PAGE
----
Ingredients

Tangerine Vs. Mandarin Orange: Quick Guide

4 Mins read

Clarifying the distinctions between tangerine vs. mandarin orange is crucial in the realm of citrus fruits. One could not blame themselves for confusing the two, as they appear similar. That being said, they would be similar in taste. But the two have subtle differences, making them more different than originally thought. In this article, we break down the key differences while also explaining what each one is so that you can know the difference the next time you decide to eat either. 

What Is a Tangerine?

tangerine
Tangerine

A tangerine is simply a citrus fruit that is orange and a part of the mandarin family. They originated in Southeast Asia and are now grown in many different places worldwide. Tangerines prefer a southern climate with hotter temperatures and moist soil. Also, the plant of this fruit prefers being more sheltered from prevailing winds. Some states known for growing them are California, Texas, and Florida, where the plants can even be grown indoors. The plants can tolerate some cooler temperatures but cannot thrive in colder climates.

Tangerines are often small, at least smaller than an orange, and can also tend to be less rounded than an orange. They have a sweeter taste profile than the standard orange, not offering as much tartness on the palette when eaten when compared to one. The peel of tangerine is thin, with very little pith to contribute to any bitter or acidic flavors. That being said, tangerines are tarter than some other orange varieties and can sometimes offer a tartness that is sought after. The overall flavor profile is sweet with some tartness but often much sweeter than a regular orange.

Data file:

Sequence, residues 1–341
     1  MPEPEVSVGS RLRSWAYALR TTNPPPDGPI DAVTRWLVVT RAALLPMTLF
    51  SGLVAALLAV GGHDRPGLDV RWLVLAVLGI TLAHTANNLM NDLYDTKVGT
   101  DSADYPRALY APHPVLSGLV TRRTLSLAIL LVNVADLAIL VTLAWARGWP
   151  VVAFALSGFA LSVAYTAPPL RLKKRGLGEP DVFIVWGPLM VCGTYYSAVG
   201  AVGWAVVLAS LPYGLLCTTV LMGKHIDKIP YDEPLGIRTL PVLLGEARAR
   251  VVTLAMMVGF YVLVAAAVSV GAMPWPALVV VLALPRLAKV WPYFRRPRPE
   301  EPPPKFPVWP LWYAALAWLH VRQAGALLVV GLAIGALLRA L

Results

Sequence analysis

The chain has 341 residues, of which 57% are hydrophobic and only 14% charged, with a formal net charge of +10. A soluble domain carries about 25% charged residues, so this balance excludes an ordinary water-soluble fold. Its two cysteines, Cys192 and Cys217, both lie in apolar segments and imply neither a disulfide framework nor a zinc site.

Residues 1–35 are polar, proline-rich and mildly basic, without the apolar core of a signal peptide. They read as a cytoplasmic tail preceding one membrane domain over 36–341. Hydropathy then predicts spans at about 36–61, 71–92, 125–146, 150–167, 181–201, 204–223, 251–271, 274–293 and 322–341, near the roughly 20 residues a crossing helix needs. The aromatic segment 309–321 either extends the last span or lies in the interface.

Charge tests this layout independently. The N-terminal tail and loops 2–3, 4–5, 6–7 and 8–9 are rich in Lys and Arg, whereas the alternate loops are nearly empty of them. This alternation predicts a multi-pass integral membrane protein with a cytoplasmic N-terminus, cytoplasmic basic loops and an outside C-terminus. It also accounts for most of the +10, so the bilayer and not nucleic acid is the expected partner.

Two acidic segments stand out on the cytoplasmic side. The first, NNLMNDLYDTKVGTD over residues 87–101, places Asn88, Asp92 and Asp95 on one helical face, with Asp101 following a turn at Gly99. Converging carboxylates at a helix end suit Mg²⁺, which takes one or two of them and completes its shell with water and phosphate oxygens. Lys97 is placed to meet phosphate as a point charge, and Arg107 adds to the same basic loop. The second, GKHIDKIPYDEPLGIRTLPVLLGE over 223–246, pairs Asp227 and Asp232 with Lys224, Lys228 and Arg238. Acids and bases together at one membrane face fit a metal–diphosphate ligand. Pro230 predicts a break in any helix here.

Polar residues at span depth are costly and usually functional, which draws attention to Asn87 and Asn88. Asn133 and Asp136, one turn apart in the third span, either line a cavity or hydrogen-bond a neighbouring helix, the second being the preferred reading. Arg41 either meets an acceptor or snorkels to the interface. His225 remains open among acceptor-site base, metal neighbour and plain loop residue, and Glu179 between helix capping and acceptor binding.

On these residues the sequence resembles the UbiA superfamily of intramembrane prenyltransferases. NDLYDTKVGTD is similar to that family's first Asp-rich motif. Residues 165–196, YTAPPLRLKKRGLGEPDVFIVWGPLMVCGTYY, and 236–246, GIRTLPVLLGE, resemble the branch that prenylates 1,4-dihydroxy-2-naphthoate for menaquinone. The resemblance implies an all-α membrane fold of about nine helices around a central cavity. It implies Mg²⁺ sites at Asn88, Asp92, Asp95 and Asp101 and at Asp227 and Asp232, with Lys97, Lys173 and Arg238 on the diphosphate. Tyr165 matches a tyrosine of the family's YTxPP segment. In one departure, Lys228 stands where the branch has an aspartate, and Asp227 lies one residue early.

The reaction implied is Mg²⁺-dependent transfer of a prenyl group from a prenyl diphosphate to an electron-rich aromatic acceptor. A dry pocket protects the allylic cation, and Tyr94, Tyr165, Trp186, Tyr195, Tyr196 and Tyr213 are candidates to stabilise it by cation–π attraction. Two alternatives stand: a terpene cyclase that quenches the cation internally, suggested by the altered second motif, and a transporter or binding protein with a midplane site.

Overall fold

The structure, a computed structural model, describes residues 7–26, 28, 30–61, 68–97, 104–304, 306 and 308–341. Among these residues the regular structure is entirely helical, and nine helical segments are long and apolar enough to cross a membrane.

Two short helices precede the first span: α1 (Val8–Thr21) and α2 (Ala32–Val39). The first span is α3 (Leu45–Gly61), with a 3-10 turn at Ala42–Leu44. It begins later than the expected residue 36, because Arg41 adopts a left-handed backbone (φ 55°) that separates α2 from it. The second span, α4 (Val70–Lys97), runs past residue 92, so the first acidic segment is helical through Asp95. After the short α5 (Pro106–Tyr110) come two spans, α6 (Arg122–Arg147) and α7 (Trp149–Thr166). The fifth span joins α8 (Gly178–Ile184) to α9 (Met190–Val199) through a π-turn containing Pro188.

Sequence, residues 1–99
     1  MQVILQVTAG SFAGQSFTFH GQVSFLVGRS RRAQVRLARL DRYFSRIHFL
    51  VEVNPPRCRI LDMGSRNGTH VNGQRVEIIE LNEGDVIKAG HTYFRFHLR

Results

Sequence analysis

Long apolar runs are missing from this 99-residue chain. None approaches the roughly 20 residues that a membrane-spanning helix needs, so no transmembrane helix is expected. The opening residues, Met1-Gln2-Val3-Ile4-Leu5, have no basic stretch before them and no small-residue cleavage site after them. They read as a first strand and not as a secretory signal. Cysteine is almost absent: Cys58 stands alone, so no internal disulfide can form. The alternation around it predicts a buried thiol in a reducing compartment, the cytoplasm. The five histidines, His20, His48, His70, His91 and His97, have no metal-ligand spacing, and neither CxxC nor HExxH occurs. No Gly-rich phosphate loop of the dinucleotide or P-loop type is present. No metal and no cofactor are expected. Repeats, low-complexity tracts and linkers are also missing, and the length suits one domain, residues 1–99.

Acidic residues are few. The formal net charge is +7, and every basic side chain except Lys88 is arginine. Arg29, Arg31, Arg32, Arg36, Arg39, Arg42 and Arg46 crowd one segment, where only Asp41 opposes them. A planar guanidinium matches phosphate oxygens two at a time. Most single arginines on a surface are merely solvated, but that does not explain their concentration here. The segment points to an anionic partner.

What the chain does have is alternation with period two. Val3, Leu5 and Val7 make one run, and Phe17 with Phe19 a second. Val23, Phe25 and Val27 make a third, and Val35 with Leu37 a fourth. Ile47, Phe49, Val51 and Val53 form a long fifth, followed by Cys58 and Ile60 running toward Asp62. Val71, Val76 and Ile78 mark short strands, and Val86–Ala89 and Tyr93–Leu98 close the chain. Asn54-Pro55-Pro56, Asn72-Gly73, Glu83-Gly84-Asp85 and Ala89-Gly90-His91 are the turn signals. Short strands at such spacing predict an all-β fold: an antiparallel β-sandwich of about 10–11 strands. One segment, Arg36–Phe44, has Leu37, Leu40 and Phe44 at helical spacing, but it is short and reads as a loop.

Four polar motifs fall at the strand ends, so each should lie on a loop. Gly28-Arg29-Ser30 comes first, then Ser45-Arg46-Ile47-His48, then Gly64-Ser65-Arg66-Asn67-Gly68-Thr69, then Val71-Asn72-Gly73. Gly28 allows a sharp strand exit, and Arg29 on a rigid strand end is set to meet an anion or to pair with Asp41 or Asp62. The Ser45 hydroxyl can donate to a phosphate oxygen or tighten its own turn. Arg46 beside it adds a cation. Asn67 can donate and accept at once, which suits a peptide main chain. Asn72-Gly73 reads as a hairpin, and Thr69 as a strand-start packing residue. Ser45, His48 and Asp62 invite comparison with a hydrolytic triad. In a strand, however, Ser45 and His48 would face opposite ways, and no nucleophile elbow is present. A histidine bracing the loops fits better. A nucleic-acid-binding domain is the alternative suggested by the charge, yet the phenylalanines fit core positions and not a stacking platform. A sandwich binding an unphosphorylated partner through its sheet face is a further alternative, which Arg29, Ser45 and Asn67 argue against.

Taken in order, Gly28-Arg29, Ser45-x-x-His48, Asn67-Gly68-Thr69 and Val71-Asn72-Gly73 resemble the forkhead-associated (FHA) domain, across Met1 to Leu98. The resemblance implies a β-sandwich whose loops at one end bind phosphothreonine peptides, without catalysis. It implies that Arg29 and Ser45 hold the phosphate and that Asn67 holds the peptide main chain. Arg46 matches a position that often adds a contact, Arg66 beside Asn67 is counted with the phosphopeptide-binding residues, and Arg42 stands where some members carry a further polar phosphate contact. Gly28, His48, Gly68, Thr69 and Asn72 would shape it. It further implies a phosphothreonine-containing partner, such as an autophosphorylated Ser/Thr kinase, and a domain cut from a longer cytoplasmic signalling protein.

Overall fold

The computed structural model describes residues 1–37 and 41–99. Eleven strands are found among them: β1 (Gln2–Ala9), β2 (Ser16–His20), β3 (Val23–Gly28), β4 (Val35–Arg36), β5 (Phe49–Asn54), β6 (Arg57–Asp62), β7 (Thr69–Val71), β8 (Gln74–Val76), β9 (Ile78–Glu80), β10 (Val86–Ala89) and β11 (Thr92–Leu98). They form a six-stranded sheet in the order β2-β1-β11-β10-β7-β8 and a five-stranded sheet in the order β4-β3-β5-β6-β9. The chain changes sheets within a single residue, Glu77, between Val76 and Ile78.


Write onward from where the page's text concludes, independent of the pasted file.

What Is a Mandarin Orange?

mandarin orange
Mandarin Orange

The Mandarin citrus family includes mandarin oranges, which is technically what tangerines and clementines are. These citrus fruits are characterized by bright orange skin and a smaller shape than the standard orange. They are also much sweeter than an orange, especially depending on the variety you end up eating. This orange can be grown in tropical and subtropical climates. Their thin peel has little pith, making it easier to peel and enjoy. They are often enjoyed fresh in culinary preparations and can be popular as a canned product as well. 

The mandarin orange is the ancestor of the smaller orange group it represents. From this orange, other varieties have grown and become popular. The mandarin orange can come in seeded or seedless varieties, although the general population does prefer more seedless fruit in America. This fruit is rich in Vitamin C and is a great source of fiber and antioxidants. The whole fruit is usable, from the flesh to the skin, and that is why mandarin oranges are so beloved and consumed so much throughout the world. 

Tangerine Vs. Mandarin Orange

tangerine vs. mandarin orange
Tangerin Vs. Mandarin Orange